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Nine ways Museum scientists are fighting the planetary emergency

The natural world is disappearing faster than ever before, and we are already experiencing the effects. A shortage of natural resources and global warming are just some of them.

Humans have caused this crisis and we must act to solve it. We are now facing a planetary emergency.

Discover what the Museum’s curators and researchers are doing to reverse the damage.

A group of pitcher plants

The carnivorous pitcher plant attracts insects with nectar-secreting glands and drowns them in digestive liquid

1. Conserving the Amazon rainforest

The Amazon rainforest reduces the effects of climate change by absorbing vast amounts of carbon, so it is vital that we study and protect it for future generations.

For the first time ever, all known plant species growing in the Amazon have been listed, thanks to scientists at the Museum.

Listing the species correctly underpins all future studies on the rainforest's ecology and evolution. It also helps with conservation work such as understanding the effects of climate change on ecosystems.

Plant specimens from the Museum's collection were used to verify data and revise the list.

The published research revealed that there are 14,003 species in the Amazon, of which 6,727 are trees. It also suggested that some previous studies overestimated the numbers.

The information is also being digitised, with georeferencing, to become globally accessible. This helps facilitate new studies on a local and international scale, saving time, money and resources.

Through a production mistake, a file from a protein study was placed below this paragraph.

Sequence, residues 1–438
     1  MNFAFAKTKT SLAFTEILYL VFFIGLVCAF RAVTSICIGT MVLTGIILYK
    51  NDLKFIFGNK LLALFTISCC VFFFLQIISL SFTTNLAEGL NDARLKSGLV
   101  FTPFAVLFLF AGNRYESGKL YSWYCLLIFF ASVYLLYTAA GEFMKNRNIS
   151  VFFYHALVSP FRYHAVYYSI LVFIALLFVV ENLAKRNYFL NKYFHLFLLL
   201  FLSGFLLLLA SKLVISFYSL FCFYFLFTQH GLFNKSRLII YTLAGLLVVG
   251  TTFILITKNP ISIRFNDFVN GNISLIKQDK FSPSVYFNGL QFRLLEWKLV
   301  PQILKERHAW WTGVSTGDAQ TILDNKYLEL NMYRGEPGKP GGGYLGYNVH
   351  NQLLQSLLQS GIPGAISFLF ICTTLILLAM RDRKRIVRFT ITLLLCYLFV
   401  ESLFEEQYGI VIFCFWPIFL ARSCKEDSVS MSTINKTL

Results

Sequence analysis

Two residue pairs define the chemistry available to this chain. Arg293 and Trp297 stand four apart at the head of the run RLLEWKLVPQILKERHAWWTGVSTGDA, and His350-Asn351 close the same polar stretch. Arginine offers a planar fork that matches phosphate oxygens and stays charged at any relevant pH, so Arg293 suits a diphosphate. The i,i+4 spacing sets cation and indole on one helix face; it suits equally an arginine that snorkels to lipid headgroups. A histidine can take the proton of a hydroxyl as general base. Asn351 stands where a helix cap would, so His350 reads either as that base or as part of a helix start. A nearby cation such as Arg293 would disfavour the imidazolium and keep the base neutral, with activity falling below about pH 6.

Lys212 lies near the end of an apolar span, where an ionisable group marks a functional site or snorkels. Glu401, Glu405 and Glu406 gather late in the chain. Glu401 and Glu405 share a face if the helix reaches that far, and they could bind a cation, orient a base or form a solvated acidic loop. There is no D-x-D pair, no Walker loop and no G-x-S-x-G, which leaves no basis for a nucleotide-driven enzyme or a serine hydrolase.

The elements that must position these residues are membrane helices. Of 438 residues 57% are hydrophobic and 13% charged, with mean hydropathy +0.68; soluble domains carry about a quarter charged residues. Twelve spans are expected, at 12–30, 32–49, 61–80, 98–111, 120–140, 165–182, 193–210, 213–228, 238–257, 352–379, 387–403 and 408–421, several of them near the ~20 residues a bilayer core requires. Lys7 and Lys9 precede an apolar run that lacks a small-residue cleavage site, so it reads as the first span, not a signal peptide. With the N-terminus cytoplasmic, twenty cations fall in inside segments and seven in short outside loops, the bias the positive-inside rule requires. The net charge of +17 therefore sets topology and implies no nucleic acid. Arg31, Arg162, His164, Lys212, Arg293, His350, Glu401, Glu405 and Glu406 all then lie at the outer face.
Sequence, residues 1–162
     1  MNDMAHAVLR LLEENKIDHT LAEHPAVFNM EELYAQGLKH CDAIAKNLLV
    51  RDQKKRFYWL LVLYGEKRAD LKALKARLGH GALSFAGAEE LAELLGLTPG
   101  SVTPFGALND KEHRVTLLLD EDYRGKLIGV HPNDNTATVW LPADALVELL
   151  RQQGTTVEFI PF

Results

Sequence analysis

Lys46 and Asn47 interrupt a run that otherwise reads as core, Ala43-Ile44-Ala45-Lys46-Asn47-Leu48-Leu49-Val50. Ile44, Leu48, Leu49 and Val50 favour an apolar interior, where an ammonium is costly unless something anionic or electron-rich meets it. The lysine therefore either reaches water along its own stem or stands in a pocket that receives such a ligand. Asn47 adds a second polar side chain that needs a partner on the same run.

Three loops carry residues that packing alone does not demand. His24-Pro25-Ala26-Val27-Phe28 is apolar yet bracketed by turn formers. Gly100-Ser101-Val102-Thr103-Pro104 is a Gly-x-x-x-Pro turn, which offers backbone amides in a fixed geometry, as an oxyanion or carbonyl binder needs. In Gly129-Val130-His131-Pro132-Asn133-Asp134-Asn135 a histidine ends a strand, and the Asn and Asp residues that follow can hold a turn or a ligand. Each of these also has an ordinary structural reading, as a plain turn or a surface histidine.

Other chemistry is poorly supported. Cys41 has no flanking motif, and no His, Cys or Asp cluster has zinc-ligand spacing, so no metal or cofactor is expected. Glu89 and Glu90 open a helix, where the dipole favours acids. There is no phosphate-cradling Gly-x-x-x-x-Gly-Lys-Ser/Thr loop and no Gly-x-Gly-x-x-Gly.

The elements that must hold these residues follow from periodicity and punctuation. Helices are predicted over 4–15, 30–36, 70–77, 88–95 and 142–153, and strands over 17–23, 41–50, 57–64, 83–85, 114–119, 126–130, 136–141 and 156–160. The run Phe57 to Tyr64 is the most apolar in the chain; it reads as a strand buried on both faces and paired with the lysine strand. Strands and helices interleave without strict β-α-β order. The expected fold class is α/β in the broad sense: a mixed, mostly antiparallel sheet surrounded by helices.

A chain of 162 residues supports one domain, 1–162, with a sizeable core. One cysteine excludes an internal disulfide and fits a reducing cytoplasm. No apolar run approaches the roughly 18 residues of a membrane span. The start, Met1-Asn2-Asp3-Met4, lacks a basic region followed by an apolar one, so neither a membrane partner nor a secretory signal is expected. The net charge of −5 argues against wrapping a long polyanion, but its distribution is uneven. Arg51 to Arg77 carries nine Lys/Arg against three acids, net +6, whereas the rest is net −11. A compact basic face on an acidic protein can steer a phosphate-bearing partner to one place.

A yellow moth rests on a mossy surface

The Darwin Tree of Life was launched in 2019 and data on some specimens, such as the broad-bordered yellow underwing moth, have already been released online

2. Understanding UK biodiversity

There are approximately 66,000 known species in the UK. Between them, they offer a multitude of fascinating characteristics which can help us preserve nature for the future.

The Darwin Tree of Life Project is a 10-year project which will sequence the genomes of all species in the UK.

The research will allow scientists to understand how species have changed over time, offer new ways of treating diseases and possibly help us adapt to climate change.

Fresh specimens of animals, plants, fungi and protists are being used, in addition to the Museum's collections.

The research, which will be available to the public, feeds into a larger, more ambitious undertaking called the Earth Biogenome Project. This project aims to map the genomes of all 1.5 million species known to exist on Earth, as well as discover the remaining unknown species.

A mangrove forest behind a lake

Mangroves are one of the best habitats in the world for carbon storage - they slow down climate change and protect shores against wave damage. But they are being destroyed due to expanding shrimp farms.

3. Predicting biodiversity trends

High levels of biodiversity keep ecosystems running effectively and provide us with valuable natural resources. Recording the state of nature is the first step in conservation.

The world's largest data set on biodiversity has been created after years of research.

The online database gathered research from scientists all over the world, paving the way for an assessment on global biodiversity.

The results show biodiversity is being lost at shocking rates. Two thirds of water surfaces have been changed due to overfishing and pollution, and more than 70% of land has been altered through industrial agriculture. Coral reefs are set to disappear completely by the end of the century.